A lot of the matted water hyacinths and other vegetation on the bank was dead, but Reehm knew that dead mats of vegetation retain warmth from the sun's rays. Bass like to pile up under the mats.

"I hated to start punching the mats with such limited time," Reehm said. "Punching mats can be a tedious approach, but at the same time, if you find the right mat, you can load the boat in five flips."

These small honey holes within a grass mat usually have something just a little bit different about them. Reehm says there might be a depression under the mat in that one little area. There might be a black bottom holding more heat. There might be a little current rolling through there just right.

"Whatever it is, when you find those little spots in the mat, you can get right in a hurry," Reehm added. "But again, 30 minutes of that without a bite, and I knew it wasn't happening either."


Third 30 minutes

After striking out punching grass, Reehm thought he might be able to find some fish on wood cover. He was getting a little desperate for a bite, but he felt like his systematic process of elimination was putting him closer to where he needed to be.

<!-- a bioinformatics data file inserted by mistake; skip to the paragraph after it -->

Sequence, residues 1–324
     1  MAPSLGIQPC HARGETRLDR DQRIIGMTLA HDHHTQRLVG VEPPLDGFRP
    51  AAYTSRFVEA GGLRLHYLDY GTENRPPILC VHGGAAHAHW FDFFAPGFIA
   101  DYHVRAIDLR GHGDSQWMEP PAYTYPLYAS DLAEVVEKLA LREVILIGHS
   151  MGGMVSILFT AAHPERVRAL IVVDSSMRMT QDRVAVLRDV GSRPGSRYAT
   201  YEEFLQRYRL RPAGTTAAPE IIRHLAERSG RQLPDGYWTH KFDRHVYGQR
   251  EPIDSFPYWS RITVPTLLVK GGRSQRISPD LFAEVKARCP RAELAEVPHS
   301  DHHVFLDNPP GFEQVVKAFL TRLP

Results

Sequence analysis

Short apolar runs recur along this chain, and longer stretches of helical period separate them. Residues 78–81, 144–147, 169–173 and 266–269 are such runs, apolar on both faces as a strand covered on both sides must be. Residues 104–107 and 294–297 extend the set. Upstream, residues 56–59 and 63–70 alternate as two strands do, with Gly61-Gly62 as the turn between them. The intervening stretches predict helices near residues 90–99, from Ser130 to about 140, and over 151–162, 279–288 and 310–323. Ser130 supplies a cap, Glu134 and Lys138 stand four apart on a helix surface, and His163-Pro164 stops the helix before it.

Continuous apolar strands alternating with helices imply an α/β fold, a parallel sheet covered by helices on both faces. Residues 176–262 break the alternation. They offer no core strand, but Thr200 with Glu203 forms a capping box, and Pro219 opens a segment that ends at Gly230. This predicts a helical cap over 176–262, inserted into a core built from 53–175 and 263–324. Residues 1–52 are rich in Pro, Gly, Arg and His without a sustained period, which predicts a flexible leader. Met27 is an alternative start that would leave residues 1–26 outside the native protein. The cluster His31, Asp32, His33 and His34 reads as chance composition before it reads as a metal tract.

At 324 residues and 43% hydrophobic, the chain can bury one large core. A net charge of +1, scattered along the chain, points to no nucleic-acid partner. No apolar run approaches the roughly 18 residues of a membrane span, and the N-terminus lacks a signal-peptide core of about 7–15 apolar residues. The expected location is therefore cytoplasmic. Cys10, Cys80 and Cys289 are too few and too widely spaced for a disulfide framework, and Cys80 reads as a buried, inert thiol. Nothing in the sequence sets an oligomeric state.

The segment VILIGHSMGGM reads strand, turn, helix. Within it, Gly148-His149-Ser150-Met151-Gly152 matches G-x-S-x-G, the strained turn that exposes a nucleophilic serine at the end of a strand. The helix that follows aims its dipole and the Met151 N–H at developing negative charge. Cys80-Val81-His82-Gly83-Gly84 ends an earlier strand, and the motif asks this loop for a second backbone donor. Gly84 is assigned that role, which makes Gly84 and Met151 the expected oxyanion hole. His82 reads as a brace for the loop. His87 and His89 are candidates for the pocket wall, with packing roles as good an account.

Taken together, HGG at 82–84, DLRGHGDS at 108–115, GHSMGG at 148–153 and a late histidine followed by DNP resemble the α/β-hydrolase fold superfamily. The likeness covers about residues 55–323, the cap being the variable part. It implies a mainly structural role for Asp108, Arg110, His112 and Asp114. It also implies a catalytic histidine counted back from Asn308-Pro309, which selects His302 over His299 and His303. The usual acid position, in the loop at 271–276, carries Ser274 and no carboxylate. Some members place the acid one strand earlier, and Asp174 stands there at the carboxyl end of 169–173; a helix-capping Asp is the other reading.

"All I was doing at this point was motoring past stretches of bare bank and hitting only the high-percentage areas on visible wood laydowns," he said. "I didn't want to waste a lot of time fishing areas that might hold a fish. I would rather spend my time in this situation targeting areas where I know fish are if they're up."

Reehm worked some of the laydowns with his Mr. Hooty spinnerbait, but he focused more on pitching a Kicker Craw soft plastic into transition areas within a laydown, which included areas like forks in the limbs, spots where one log lay over another, the base of the trunk near the bank and the tips of the deepest limbs.

"When you're fishing like this, the whole idea is to get in and get out," Reehm explained. "These are the kind of spots where a bait falling right in front of a bass is going to make him bite.